Things move very fast these days since the introduction of computers and high speed communications. (High frequency stock trading is another one of which we have hardly become aware and yet it will probably be many years before it gets regulated. Why should a few people be able to gain its advantages over the rest of us???? Just stop it today rather than let it lead us into another major problem.) Same with all these other fancy innovations of which only a handful of people have any knowledge. Stick with the straight and narrow and known until well structured test cases on parallel systems (not in the real live system) of innovations have been tried on a small scale by the regulators that show it to be safe to open it up to the general public on a fair basis on the live system! What really do we lose by prohibiting those innovations until shown to be safe????

And if they were allowed, do you believe society would benefit to a larger extent than if they were not allowed? Or not allowed until proven safe by regulators?


Commenter: Zack White
If you're going to interview those who know how naked short selling and captured regulators aided in the financial collapse causes and have viable solutions, you need to spend time with Dr. Patrick Byrne (CEO of Overstock.com), Tom Vallarino (head of the National Investor Protection Coalition), Dave Patch (of investigatethesec.com), to name a few. Before any lasting recovery can begin, these causes must be addressed. For more, see deepcapture.com.


Commenter: Justin D
Hedge funds weren't at the root of the problem? Liars loans are good for people? This woman is a face for the big money agenda. Where's the counter point? She is poignant and educated as a perspective spokesman - for the very conglomerate industries that made the mess in the first place.


Commenter: JOHN ENGLISH
CLICK ON Zanny Minton Beddoes BIOGRAPHY ABOVE...IT'S FUNNY...SHE OBVIOUSLY WROTE HER OWN BIOGRAPHY BECAUSE ONLY PEOPLE IN THE U.K. SPELL THE WORD "GLOBALIZATION" WITH A "S". INSTEAD OF A "Z" IN HER BIOGRAPHY IT IS WRITTEN WITH "GLOBALISATION". THIS INDICATES THAT SHE WROTE HER OWN STUPID BIOGRAPHY. THIS IS UNFAIR BECAUSE IT EXCLUDES ALL THE DEVIOUS THINGS SHE REALLY DOES. SINCE SHE WRITTEN IT HERSELF, Zanny Minton Beddoes SHOULD COME CLEAN AND CALL IT AN AUTOBIOGRAPHY AND NOT A BIOGRAPHY. PBS AND NEEDS TO DO MORE INVESTIGATION ABOUT THE PEOPLE THEY INTERVIEW.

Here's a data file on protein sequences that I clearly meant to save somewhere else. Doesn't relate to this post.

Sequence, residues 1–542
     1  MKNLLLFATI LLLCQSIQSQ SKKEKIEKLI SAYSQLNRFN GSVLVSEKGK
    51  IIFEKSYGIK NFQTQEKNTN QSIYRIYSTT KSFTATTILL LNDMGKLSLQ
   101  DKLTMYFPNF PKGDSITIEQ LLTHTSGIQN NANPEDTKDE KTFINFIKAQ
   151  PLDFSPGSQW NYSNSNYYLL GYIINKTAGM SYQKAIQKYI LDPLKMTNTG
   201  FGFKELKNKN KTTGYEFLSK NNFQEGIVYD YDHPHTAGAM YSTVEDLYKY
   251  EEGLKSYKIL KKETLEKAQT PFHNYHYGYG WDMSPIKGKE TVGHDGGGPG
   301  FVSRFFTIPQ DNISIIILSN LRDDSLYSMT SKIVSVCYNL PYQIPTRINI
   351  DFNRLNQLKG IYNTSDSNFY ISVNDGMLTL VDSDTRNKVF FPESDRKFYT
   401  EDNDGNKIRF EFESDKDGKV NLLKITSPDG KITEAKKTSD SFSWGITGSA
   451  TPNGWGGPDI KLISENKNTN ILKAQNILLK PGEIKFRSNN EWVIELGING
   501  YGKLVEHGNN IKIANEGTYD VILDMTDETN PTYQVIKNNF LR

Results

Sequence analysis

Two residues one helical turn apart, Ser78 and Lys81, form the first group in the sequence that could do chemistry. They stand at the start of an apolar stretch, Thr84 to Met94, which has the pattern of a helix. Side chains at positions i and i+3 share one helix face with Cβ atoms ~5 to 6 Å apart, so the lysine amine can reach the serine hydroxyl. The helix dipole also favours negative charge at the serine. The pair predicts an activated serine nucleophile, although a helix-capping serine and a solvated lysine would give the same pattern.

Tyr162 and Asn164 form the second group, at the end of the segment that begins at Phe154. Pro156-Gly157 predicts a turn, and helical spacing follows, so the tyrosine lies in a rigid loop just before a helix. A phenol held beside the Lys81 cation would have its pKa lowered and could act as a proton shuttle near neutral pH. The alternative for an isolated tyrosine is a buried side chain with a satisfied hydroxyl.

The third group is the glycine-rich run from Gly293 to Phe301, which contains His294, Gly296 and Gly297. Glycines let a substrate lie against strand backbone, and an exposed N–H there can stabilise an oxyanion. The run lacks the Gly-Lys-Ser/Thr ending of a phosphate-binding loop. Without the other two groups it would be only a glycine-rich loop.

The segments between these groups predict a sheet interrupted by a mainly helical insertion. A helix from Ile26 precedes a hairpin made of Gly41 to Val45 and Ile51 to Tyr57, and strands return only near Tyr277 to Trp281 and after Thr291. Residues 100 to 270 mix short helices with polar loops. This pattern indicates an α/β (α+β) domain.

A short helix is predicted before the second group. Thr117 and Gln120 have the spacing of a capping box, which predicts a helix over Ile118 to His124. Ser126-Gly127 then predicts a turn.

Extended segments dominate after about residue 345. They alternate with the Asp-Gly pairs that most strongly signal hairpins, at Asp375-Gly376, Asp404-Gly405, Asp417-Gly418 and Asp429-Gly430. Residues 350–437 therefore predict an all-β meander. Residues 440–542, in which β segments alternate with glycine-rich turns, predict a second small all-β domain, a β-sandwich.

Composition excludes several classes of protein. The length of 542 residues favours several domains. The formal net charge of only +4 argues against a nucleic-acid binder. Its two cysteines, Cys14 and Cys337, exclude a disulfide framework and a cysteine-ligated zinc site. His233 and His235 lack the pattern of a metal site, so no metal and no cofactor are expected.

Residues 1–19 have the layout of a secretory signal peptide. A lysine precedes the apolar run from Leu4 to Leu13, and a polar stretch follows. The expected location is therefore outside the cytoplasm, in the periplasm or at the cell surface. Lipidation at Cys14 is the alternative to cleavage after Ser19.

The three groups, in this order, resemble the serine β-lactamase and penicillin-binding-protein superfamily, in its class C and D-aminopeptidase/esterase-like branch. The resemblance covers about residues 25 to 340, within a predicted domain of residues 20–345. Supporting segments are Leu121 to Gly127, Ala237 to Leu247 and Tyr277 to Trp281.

Commenter: andrew dianiska
unfortunately, until the economic situation is so dire that we are forced to reconsider the entire basis of how we approach wealth and capital in this nation, there will be no true substantive change.

the GS fix is in.


Commenter: John Keynes
PBS and NOW...Please do a one hour special interviewing Matt Taibbi, John R. Talbott and Michael Moore all in the same room at the same time...You would not only get one of the largest audiences...you would also informing Americans on the real truth behind the economy....


Commenter: Bruce Wayne
The snob looked like she was trying to sell herself by showing cleavage as well as wall street's wants....x-rated and unjust...doesn't PBS know most of the public caught on to their schemes?


Commenter: M. Jackson
Another wall street whore selling propaganda by means of main stream media...how low can PBS stoop?


Commenter: Kelly Bundy
Shame on PBS for showing Zanny Minton Beddoes's bra on national television...my kids watch PBS...what smut!!!she seemed like a fake wannap-be snob...she's also a pawn of the investment banks who continue to destroy are economy...my kids and I will no longer watch your show...


Commenter: Adam Smith
Zanny Minton Beddoes is a spokeswoman for investment banks...she is part of the problem not the solution...shame of PBS and the rest of main stream media to present Goldman Sachs spokespeople to push propaganda that benefits the rich while stealing from the poor...